POLITICS

Mulcair: Minimum Wage For Federal Employees Will Be $15 An Hour If NDP Government Elected

09/13/2014 01:54 EDT | Updated 11/13/2014 05:59 EST
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Thomas Mulcair celebrates his win at the NDP leadership convention in Toronto, Ontario, March 24, 2012. Canada's social democrats Saturday chose a firebrand center-leaning MP to run for prime minister in 2015, after the death of a leader who led them to into the opposition benches in a historic ballot last year. Former deputy leader Thomas Mulcair won the New Democratic Party nomination with 33,881 votes, beating out six rivals by vowing to track the NDP to the center to appeal to a broader electorate and consolidate its recent gains. AFP PHOTO / Geoff Robins (Photo credit should read GEOFF ROBINS/AFP/Getty Images)
VANCOUVER - The New Democrats are promising to bring back the minimum wage for employees who work in federally regulated sectors.

NDP leader Tom Mulcair announced on Saturday that if the NDP forms the next government it would set a minimum wage of $15 an hour for those who work in companies or agencies regulated by the federal government, such as many workers at airports or in telecommunications.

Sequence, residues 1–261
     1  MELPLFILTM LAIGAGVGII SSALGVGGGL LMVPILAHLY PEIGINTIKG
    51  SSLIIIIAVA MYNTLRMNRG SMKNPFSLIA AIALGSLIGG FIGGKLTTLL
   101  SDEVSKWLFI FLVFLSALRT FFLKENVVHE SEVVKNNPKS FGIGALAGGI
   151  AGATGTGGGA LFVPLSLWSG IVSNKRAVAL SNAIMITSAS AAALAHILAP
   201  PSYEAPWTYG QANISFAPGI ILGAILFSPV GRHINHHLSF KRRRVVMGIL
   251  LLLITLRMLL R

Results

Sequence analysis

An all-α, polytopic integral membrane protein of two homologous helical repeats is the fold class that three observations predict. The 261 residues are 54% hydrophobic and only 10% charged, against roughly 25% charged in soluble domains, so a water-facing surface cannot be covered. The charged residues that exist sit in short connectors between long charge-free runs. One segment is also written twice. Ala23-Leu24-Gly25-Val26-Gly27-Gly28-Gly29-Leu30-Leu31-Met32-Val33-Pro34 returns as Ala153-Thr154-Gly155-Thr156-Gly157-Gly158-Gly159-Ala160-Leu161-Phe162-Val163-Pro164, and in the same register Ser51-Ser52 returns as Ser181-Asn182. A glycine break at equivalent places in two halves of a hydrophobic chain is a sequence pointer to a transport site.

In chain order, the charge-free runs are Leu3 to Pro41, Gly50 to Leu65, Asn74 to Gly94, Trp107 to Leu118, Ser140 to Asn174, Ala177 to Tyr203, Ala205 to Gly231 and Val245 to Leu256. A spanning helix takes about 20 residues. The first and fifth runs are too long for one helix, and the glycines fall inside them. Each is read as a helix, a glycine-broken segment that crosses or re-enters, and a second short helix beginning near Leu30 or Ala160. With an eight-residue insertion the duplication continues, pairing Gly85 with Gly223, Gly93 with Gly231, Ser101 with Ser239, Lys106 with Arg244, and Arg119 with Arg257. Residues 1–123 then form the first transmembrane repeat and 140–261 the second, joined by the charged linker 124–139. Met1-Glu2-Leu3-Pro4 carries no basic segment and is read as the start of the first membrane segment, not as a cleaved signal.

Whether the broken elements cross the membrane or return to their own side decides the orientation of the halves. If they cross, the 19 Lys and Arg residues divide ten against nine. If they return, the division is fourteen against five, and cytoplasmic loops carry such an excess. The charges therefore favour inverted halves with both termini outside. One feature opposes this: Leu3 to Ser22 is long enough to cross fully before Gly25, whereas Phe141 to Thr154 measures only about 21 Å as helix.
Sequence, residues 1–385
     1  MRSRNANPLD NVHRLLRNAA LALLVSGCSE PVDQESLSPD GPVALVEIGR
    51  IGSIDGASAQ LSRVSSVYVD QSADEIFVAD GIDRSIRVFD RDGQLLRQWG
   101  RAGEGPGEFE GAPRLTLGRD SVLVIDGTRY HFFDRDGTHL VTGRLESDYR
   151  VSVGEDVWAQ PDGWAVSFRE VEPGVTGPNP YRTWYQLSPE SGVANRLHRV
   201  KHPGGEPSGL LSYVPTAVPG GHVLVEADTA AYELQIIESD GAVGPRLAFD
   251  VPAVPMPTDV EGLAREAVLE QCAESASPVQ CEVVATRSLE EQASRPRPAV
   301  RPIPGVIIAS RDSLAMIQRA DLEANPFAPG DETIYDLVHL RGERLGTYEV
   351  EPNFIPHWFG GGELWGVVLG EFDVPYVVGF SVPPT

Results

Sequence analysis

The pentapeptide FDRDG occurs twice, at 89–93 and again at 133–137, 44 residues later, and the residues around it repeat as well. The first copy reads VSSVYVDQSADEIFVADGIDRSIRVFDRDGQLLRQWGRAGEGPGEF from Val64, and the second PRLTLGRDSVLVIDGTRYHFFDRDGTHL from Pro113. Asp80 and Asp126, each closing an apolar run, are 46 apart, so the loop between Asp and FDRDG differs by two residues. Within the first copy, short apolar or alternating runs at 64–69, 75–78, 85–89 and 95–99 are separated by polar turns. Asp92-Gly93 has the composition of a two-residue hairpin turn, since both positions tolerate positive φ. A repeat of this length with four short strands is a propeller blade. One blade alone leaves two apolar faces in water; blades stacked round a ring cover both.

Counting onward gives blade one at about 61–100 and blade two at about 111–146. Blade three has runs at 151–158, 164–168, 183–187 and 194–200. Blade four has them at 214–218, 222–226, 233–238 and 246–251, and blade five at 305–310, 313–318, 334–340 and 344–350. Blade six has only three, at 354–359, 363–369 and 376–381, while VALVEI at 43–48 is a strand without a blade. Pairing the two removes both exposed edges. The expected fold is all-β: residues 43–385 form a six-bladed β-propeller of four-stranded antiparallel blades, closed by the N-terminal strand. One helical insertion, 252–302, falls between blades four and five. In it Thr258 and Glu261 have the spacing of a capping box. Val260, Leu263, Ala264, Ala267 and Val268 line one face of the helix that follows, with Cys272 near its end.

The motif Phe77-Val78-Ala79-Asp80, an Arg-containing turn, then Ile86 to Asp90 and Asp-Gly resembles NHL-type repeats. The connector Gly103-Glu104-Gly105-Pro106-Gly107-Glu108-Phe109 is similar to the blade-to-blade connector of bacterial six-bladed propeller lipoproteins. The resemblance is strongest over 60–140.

Mulcair says the Liberals and Conservatives did nothing to raise the bar while in power, and he accused the Liberals of scrapping the federal minimum wage when they were in power in 1996.

"It is unacceptable in a country as rich as Canada that people can work full time and still live in poverty," he said. "It was a cynical move to begin with by the Liberals because instead of raising the bar, they lowered it."

Mulcair says although the number of workers who would benefit is small _ overall federally regulated full and part-time workers make up only about six per cent of the Canadian workforce _ raising their wage will pressure the provinces to do more.

"This leadership we are showing today by talking about a living wage — a $15-an-hour wage — will have positive repercussions on the provinces," he said.

The New Democrats made a similar promise before the last two federal elections.

Mulcair also spent time at this weekend's annual meeting of Unifor, Canada's largest private sector union.

All three federal parties are going into political campaign mode, as the 2015 election is scheduled to take place just over a year from now.

Saturday's Vancouver announcement is the first in what is expected to be a number of NDP announcements as it rolls out detailed planks of its platform this fall.

It's also expected the New Democrats will unveil plans for a national child-care program and infrastructure investment.